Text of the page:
This legislation would double the current Deeds Excise Tax to generate an estimated $300 million in new revenue each year for affordable housing and climate resiliency. This new revenue would create or preserve additional housing for 18,000 working-class homeowners and renters over 10 years; finance hundreds of millions of dollars in competitive, flexible grants to localities for climate resilience and mitigation; and assist between thousands of additional extremely low-income families per year with housing vouchers or project-based rental assistance.

An Act granting a local option for a real estate transfer fee to fund affordable housing (H.2747 & S.1771)

Sponsors: Representative Mike Connolly & Senator Jo Comerford
A lack of affordable homes and speculative home sales by higher income buyers have led to soaring housing costs and displacement in Massachusetts. This legislation would allow Massachusetts cities and towns to enact a small fee on high-value real estate sales, in order to create and support affordable housing. This legislation would generate millions of dollars for affordable housing by allowing communities to use this tool tailored to their needs.[5]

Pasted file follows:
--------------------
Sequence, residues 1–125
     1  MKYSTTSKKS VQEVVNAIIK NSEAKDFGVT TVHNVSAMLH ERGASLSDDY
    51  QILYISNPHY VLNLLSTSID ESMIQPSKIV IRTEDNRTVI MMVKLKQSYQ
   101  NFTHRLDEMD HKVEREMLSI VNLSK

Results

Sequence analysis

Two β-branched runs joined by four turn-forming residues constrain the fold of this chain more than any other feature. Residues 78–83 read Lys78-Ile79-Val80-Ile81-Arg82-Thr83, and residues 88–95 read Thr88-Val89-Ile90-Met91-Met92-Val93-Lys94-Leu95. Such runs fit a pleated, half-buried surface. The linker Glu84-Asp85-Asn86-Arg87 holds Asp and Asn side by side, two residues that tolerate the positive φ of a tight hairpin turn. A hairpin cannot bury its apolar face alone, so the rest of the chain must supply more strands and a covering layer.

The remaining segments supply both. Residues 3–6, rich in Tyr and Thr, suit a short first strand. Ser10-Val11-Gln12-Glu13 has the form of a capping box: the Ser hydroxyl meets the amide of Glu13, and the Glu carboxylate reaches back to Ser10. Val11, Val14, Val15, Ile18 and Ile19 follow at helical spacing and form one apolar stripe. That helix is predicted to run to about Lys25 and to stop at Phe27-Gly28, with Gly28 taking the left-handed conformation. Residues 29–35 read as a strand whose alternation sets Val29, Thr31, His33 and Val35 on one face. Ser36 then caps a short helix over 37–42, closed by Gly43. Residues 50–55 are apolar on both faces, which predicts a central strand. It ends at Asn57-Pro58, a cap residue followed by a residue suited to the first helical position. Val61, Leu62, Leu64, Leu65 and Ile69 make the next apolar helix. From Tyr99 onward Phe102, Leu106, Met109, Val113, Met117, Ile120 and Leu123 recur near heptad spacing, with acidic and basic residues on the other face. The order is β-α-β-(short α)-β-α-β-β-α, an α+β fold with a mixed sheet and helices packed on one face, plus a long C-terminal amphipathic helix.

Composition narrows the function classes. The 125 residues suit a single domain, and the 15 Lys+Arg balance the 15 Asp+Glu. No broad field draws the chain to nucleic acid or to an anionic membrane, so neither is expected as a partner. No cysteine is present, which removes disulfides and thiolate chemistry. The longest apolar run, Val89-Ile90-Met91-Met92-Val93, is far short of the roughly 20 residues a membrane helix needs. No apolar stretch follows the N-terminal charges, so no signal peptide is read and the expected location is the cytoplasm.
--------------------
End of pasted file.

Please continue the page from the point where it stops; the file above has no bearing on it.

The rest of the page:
An Act to promote yes in my backyard (H.1379 & S.858)

Sponsors: Representatives Andy Vargas & Kevin Honan & Senator Brendan Crighton
Restrictive land use policies across Massachusetts have created a paper wall of zoning[4] that limits creation of new homes. This legislation proposes innovative statewide solutions through zoning to create new homes by:

  • Setting a statewide affordable housing production goal;
  • Allowing accessory dwelling units, or small apartments, to be built in every municipality;
  • Allowing duplexes, triple-deckers, and other family-friendly housing around public transportation;
  • Making it easier to pass inclusionary zoning bylaws;